Background: The water deprivation test (WDT) with direct or indirect measurement of plasma arginine vasopressin (AVP) is the method of choice for the differential diagnosis of the polydipsia-polyuria syndrome. In theory, direct measurement of AVP is highly attractive but is hampered by technical difficulties.
Objective: The aim of the study was to evaluate the utility of copeptin, a surrogate of AVP secretion, in the diagnostic work-up of the polyuria-polydipsia syndrome and to compare its performance with the current diagnostic standard.
Setting and design: In two tertiary referral centers, 20 healthy subjects and 50 patients with polydipsia-polyuria syndrome underwent WDT with measurements of both plasma AVP and copeptin levels. The reference diagnosis was based on clinical information and treatment response.
Results: Twenty-two patients (44%) were diagnosed with primary polydipsia, 17 (34%) with partial central diabetes insipidus (DI), nine (18%) with complete central DI, and two (4%) with nephrogenic DI. The indirect WDT led to a correct diagnosis in 35 of 50 patients (70%). The direct WDT with AVP or copeptin measurement correctly diagnosed 23 patients (46%) or 36 patients (72%), respectively. Baseline copeptin values greater than 20 pmol/liter identified patients with nephrogenic DI, and concentrations below 2.6 pmol/liter indicated complete central DI. The ratio between Δ copeptin (0800 to 1600 h) and serum sodium concentration at 1600 h yielded optimal diagnostic accuracy, allowing us to also discern partial central DI from primary polydipsia (sensitivity 86%, and specificity 100%).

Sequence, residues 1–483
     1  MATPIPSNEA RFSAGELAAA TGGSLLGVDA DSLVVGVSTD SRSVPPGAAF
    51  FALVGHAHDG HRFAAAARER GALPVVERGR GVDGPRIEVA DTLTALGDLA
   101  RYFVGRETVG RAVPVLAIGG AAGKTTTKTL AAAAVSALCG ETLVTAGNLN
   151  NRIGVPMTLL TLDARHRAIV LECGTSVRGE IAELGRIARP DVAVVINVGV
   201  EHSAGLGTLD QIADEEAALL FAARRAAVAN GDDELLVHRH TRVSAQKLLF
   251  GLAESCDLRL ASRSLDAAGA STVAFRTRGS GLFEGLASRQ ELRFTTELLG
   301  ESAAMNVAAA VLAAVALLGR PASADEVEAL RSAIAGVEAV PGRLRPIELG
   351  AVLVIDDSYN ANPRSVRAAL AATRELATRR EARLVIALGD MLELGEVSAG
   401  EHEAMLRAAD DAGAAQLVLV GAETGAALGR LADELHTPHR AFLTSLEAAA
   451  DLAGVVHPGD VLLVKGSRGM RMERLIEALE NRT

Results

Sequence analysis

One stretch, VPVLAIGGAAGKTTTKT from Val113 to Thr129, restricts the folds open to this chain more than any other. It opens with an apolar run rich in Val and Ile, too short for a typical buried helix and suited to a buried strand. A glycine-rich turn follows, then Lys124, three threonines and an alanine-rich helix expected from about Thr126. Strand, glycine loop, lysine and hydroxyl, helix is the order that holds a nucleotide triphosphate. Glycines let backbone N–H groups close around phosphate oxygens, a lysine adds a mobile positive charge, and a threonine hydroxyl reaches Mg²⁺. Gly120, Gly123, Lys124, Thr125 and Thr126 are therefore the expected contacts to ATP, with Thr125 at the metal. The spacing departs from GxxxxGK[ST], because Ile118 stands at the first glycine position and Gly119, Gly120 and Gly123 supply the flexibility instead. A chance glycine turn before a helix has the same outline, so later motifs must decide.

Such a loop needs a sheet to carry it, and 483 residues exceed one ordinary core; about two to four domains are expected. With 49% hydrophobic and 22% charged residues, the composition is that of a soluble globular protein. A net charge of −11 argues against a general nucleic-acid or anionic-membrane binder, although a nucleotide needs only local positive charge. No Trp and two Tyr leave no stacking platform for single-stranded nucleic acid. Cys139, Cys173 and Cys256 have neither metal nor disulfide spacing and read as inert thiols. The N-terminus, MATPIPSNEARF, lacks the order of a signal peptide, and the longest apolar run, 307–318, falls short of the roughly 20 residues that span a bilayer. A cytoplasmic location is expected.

Conclusion: Copeptin holds promise as a diagnostic tool in the polyuria-polydipsia syndrome, improving significantly the diagnostic accuracy of the direct WDT.
Trial registration: ClinicalTrials.gov NCT01056887.